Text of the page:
Treatment of Rocky Mountain spotted fever
- Daniel J Sexton, MD
Daniel J Sexton, MD
- Editor-in-Chief — Infectious Diseases
- Section Editor — Bacterial Infections
- Professor of Medicine
- Duke University Medical Center
Rocky Mountain spotted fever (RMSF) is a potentially lethal, but usually curable, tick-borne disease. It occurs throughout the United States, Canada, Mexico, Central America, and in parts of South America. The etiologic agent, Rickettsia rickettsii, is a gram-negative, obligate intracellular bacterium that causes a wide spectrum of clinical disease from mild to fulminant infection. Mortality from RMSF declined markedly in the last decade from 2.2 percent in 2000 to 0.3 percent in 2007, and has been essentially unchanged since that time [1,2].
The treatment of RMSF will be reviewed here. The basic biology of R. rickettsii, and the epidemiology, clinical manifestations, and diagnosis of RMSF are discussed separately. (See "Biology of Rickettsia rickettsii infection" and "Clinical manifestations and diagnosis of Rocky Mountain spotted fever".)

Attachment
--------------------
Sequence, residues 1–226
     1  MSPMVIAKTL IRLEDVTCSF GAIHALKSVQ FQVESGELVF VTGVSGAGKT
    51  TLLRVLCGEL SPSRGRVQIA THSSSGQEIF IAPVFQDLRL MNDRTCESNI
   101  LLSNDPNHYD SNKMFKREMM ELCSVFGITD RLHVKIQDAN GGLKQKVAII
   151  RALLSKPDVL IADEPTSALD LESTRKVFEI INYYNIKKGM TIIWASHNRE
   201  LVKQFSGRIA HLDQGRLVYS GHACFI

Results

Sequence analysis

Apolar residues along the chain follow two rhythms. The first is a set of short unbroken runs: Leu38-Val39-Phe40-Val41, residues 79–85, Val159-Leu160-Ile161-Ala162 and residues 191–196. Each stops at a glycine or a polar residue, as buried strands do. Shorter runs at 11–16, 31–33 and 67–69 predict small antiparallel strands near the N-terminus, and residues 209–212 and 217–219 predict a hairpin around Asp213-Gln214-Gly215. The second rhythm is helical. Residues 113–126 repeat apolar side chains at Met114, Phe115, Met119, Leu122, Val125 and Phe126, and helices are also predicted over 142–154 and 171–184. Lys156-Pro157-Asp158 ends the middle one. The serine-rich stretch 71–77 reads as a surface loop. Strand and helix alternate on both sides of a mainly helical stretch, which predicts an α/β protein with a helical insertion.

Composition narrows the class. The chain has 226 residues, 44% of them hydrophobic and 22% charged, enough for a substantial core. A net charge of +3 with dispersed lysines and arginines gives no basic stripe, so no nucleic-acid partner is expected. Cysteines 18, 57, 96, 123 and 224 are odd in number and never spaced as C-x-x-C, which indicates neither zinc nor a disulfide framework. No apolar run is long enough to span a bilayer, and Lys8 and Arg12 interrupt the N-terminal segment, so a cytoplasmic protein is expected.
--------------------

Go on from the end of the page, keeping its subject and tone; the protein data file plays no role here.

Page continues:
A diagnosis of Rocky Mountain spotted fever (RMSF) should be considered in individuals who present with fever, headache, and constitutional symptoms in the spring and summer months if:
●They are from an endemic area (see "Clinical manifestations and diagnosis of Rocky Mountain spotted fever", section on 'Epidemiology')
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- Mild disease
- Severe disease
- IMPORTANCE OF EARLY THERAPY
- CHOICE OF ANTIBIOTIC
- Preferred agent
- - Non-pregnant adults
- - Children
- Alternative agent
- MONITORING FOR DRUG TOXICITY
- DURATION OF TREATMENT
- RESPONSE TO THERAPY
- INFORMATION FOR PATIENTS
- SUMMARY AND RECOMMENDATIONS